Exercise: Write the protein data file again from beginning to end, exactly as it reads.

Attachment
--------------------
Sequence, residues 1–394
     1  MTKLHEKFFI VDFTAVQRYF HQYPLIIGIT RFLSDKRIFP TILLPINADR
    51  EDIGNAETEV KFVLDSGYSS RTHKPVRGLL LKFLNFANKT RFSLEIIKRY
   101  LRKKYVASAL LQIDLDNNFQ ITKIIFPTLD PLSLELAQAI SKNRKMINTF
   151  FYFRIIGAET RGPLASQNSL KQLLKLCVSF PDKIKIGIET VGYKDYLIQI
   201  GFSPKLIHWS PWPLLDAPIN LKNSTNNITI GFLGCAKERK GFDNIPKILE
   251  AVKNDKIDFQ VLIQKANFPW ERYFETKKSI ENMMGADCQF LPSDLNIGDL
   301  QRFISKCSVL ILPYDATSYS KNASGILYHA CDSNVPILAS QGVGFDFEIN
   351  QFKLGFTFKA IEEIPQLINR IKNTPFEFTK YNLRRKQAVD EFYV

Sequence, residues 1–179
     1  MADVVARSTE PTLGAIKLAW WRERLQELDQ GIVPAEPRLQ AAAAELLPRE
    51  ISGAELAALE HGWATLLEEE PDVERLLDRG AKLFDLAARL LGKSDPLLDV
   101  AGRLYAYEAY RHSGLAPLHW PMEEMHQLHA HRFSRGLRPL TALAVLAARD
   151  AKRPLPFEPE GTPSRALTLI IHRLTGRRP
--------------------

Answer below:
Sequence, residues 1–394
     1  MTKLHEKFFI VDFTAVQRYF HQYPLIIGIT RFLSDKRIFP TILLPINADR
    51  EDIGNAETEV KFVLDSGYSS RTHKPVRGLL LKFLNFANKT RFSLEIIKRY
   101  LRKKYVASAL LQIDLDNNFQ ITKIIFPTLD PLSLELAQAI SKNRKMINTF
   151  FYFRIIGAET RGPLASQNSL KQLLKLCVSF PDKIKIGIET VGYKDYLIQI
   201  GFSPKLIHWS PWPLLDAPIN LKNSTNNITI GFLGCAKERK GFDNIPKILE
   251  AVKNDKIDFQ VLIQKANFPW ERYFETKKSI ENMMGADCQF LPSDLNIGDL
   301  QRFISKCSVL ILPYDATSYS KNASGILYHA CDSNVPILAS QGVGFDFEIN
   351  QFKLGFTFKA IEEIPQLINR IKNTPFEFTK YNLRRKQAVD EFYV

Sequence, residues 1–179
     1  MADVVARSTE PTLGAIKLAW WRERLQELDQ GIVPAEPRLQ AAAAELLPRE
    51  ISGAELAALE HGWATLLEEE PDVERLLDRG AKLFDLAARL LGKSDPLLDV
   101  AGRLYAYEAY RHSGLAPLHW PMEEMHQLHA HRFSRGLRPL TALAVLAARD
   151  AKRPLPFEPE GTPSRALTLI IHRLTGRRP